How to Plan for a Long Retirement?
The average American lives for about 78 and a half years. That’s not bad. The Japanese live longer (82.6 years), but Americans live roughly twice as long as the unfortunate residents of Mozambique, where the average life expectancy is just 39.2 years!
When planning for retirement, most experts suggest that you plan for the best possible outcome. No one would say that an American guy who retires at 65 will need money only for about 10 years (American men die, on average, shortly after turning 75.) Rather, it pays to be optimistic. Make sure you’ll have adequate funds to live for a very long time. A nice round number is 100. Maybe that should be your goal.
But what if you never die?
It’s not as strange as it sounds. The science of life extension grows more interesting each year. And although there are people who figure that the maximum a human can be made to live is about 125 years, and there other people who worry about the ethical issues involved in extending life, much of the thinking about longevity has the same flaw: it’s done by humans.
But the length of our lives may soon be determined by machines.
Consider, if you haven’t already, the Singularity.
The Singularity is a concept first explored by a science-fiction writer named Vernor Vinge. In 1993 he delivered a lecture in which he said “Within thirty years, we will have the technological means to create superhuman intelligence. Shortly after, the human era will be ended.”
Vinge, and others like him, most notably the writer and scientist Raymond Kurzweil, argue that we are rapidly approaching the emergence of a technologically based, greater-than-human intelligence.
But we’re not talking about super-smart computers. Rather, the theory behind the Singularity is that super-smart computers can develop smarter and faster computers that will build smarter and faster computers ad infinitum. Or, as Time magazine puts it: “Their rate of development would also continue to increase because they would take over their own development from their slower-thinking human creators.”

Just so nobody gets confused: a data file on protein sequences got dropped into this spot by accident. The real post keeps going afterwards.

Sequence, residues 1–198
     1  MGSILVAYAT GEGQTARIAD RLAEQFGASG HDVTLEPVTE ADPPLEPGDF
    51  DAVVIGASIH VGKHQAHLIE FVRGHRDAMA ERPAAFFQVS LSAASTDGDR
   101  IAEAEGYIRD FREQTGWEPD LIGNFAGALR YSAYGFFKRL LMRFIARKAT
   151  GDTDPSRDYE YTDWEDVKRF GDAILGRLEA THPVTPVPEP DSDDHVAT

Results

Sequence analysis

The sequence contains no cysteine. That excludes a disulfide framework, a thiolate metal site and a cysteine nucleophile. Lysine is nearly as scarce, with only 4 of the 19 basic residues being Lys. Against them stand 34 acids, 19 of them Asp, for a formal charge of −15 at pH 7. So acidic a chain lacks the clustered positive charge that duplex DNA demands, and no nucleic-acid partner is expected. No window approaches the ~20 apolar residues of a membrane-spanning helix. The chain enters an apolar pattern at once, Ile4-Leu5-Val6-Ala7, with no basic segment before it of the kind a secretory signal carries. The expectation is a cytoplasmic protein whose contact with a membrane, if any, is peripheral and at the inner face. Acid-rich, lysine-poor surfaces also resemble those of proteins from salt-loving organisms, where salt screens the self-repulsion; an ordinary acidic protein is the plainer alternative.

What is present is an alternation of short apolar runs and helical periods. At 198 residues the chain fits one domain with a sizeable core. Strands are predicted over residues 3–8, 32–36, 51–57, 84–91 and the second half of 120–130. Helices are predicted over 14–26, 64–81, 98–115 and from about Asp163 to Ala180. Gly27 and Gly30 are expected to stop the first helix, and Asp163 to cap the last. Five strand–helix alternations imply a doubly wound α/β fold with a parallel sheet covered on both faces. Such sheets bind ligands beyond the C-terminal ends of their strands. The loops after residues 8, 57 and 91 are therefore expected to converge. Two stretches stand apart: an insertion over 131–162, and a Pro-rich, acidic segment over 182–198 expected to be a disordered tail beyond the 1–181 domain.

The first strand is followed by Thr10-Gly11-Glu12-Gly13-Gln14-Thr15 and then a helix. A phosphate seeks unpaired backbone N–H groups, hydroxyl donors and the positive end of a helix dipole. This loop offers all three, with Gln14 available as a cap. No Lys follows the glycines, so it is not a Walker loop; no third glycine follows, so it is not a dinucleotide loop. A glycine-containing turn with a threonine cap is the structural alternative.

This is all related to a concept called “accelerating change.” In layman’s terms, that means that things get faster, faster. So the first generation of super entities (which took centuries to arrive), would build the second generation in, say, a year. The second generation would build the third in a month. And on and on and on.
In the sunny, optimistic view of the Singularity, the world is transformed at a rate that we (confined to our human brains) literally cannot imagine – but it’s all really wonderful. These new entities will solve diseases, control the environment, show us how to maximize our resources here on earth until the super ships they build return from other planets with new wonderful resources they can turn into other fantastic things, etc.
And these benevolent entities would ensure that humans live forever — perhaps by improving our bodies, or replacing them, or discarding them entirely in favor of an upload into something else.
Now sure, the whole idea is crazy. But there are people much, much smarter than you and I who think it’s going to happen.
Start Planning Now
So maybe you should start planning.
If, for example, you’re managed to put away a few hundred thousand dollars to fund your retirement, will that really hold you over for the next few countless millennia?
Now we at MyBankTracker are unaware of any investment plan that will guarantee you an income for all eternity.
So we’re just going to have to hope that the super entities of the post-Singularity universe will solve our personal-finance woes too.
In the meantime, let’s all keep our fingers crossed that their plan isn’t to feed us Soylent Green while we toil forever in a paper clip factory. Or worse, that lawyers will get their hands on the technology of immortality.
Simon Zhen is the senior research analyst for MyBankTracker. He is an expert on consumer banking products, bank innovations, and financial technology.
Simon has contributed and/or been quoted in major publications and outlets including Consumer Reports, American Banker, Yahoo Finance, U.S. News – World Report, The Huffington Post, Business Insider, Lifehacker, and AOL.com.